Do you always wonder about the best interview follow up strategies? An interview follow up is incredibly important -- in fact, without them you can often be lost in a vast sea of potential candidates. But most hiring managers are going to receive dozens of follow up calls, emails and even physical cards. How do you differentiate yourself from other prospective employees?
6 Interview Follow Up Ideas
- Send in a letter of recommendation. If it wasn't yet requested, a letter of recommendation from a prior employer can be just what a new employer needs to see to make their final decision.
- Call them rather than email them. Emails often get lost and they're never quite as personal as getting someone on the phone. While you shouldn't call more than once, a single call shows them that you are willing to spend the time to try to reach out.
- Send them a referral. Even if you aren't able to get a position with the company, you can still build out your networking skill by sending a potential client their way. This shows them that you value their company, not just the idea of a job with them. Of course, only do this if you're confident that your referral will be happy.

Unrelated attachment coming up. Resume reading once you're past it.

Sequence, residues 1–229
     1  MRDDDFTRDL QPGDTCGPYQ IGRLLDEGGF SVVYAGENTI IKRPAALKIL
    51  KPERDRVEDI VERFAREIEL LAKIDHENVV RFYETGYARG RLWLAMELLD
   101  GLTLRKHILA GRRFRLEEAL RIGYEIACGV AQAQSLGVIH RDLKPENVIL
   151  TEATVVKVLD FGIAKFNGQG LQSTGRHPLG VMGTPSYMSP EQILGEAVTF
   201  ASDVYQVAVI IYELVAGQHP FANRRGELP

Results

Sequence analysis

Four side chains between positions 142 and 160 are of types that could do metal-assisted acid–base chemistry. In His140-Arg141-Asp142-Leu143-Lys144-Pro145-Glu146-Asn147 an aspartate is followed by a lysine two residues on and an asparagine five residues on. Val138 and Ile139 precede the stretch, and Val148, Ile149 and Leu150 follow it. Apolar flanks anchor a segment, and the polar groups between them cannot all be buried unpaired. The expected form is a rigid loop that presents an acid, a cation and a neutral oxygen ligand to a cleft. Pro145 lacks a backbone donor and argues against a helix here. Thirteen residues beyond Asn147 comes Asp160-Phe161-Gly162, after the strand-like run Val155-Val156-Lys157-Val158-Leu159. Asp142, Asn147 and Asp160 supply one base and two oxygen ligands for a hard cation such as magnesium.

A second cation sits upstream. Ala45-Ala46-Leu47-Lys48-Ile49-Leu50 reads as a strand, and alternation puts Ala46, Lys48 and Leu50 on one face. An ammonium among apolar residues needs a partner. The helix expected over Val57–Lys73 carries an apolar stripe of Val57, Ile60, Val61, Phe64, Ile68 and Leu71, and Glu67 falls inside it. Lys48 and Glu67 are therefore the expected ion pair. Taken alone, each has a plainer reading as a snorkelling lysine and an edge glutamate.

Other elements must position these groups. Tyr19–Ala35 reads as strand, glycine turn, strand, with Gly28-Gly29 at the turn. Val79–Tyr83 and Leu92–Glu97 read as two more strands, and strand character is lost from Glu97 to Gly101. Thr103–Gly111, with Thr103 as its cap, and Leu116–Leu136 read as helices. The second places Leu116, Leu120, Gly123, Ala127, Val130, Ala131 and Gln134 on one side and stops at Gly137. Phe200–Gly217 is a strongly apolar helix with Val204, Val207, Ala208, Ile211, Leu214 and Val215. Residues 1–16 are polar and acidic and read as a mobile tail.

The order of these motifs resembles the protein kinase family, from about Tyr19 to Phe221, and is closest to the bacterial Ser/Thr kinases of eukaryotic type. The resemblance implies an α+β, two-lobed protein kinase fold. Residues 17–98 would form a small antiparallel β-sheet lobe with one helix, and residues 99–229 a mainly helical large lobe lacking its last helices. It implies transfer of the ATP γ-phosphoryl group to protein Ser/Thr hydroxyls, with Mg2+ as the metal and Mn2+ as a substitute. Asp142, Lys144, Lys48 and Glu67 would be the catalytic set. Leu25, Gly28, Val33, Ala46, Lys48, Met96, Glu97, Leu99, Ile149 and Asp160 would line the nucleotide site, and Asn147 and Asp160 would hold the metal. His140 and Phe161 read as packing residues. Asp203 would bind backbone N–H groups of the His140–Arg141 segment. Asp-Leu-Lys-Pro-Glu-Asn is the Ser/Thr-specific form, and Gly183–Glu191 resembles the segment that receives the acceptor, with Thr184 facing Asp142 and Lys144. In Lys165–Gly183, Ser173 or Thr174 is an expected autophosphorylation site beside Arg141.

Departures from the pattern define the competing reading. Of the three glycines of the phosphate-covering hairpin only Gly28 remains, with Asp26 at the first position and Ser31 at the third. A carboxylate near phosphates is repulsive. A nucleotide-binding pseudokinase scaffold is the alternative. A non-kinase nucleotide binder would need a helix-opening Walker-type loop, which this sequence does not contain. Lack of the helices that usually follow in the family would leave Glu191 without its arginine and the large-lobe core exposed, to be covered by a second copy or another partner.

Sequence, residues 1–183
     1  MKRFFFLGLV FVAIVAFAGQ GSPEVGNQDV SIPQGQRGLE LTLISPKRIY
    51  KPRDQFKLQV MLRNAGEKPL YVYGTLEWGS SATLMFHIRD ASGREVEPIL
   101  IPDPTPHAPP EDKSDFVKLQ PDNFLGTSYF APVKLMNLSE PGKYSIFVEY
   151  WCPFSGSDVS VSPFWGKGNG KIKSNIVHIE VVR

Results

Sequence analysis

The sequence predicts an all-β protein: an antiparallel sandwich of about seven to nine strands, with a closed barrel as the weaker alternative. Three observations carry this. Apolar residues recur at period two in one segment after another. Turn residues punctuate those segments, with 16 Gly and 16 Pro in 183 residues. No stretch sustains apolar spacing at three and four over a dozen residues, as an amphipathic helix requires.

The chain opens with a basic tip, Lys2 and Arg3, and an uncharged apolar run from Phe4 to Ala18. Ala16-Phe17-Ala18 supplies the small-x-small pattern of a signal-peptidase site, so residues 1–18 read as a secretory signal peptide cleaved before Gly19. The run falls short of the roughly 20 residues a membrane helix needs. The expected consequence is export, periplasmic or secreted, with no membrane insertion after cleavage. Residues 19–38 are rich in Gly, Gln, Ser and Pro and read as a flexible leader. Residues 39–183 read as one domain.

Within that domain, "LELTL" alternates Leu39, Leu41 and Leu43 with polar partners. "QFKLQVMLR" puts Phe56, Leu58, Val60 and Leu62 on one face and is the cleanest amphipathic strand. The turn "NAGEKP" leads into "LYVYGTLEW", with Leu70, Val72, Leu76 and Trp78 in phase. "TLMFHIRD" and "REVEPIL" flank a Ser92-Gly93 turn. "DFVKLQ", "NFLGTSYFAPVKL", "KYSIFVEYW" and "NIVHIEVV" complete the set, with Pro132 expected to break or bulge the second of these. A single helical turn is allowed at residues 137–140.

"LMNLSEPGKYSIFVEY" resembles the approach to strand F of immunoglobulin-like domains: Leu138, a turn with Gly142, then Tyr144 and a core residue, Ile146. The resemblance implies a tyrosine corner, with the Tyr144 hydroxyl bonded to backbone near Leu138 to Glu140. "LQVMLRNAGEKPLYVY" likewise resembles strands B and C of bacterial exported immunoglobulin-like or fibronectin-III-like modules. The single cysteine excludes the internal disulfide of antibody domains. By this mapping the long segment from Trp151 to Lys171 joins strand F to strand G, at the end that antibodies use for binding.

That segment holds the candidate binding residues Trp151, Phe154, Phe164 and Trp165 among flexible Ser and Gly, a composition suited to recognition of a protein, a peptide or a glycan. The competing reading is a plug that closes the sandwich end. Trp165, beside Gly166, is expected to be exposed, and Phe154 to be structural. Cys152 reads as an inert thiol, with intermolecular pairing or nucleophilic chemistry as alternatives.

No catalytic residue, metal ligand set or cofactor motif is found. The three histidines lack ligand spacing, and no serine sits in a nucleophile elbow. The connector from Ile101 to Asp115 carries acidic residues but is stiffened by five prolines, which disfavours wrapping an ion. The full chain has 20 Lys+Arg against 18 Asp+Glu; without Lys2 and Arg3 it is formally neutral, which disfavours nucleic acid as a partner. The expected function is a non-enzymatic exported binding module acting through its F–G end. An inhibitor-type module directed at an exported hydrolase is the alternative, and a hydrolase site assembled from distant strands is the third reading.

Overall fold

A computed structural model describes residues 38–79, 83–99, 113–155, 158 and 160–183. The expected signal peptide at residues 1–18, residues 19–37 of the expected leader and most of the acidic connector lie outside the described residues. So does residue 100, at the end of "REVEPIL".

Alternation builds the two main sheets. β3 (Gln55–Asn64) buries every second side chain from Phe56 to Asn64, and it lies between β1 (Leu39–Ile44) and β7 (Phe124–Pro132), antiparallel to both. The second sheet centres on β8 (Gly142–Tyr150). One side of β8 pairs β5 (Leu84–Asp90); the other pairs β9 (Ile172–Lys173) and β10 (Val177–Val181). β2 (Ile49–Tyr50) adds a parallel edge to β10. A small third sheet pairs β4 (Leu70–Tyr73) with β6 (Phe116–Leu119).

- Connect with a friend in the company. Or even a friend-of-a-friend. Reach out and let them know that you interviewed with the company and that you'd like to get coffee with them to discuss it. You'd be surprised at how often hiring decisions can be made based on who knows who.
- Mail them some examples of your work. Sometimes you need to consider yourself a business -- and market yourself effectively. If you discussed any particular projects with them, now is the time to showcase it. Focus on any projects that seemed particularly interesting to the interviewer.
- Send their office a small 'thank you' gift. When interviewing for an important position, it's often polite to send a small thank you. Remember to send it to the office not the interviewer themselves; think a snack basket, not a bottle of wine. Your goal is 'thoughtful' not 'attempted bribery'!
Interview Follow Up Goals
Your goal with a follow up is to be memorable but not pushy. The last thing you want to do is alienate the HR manager before they've made their final decision! Learn to trust your gut. If it feels like you're being too aggressive, you probably are. Need to run your interview follow up ideas past someone? Tweet them to our talented recruiters or give one of our offices a call.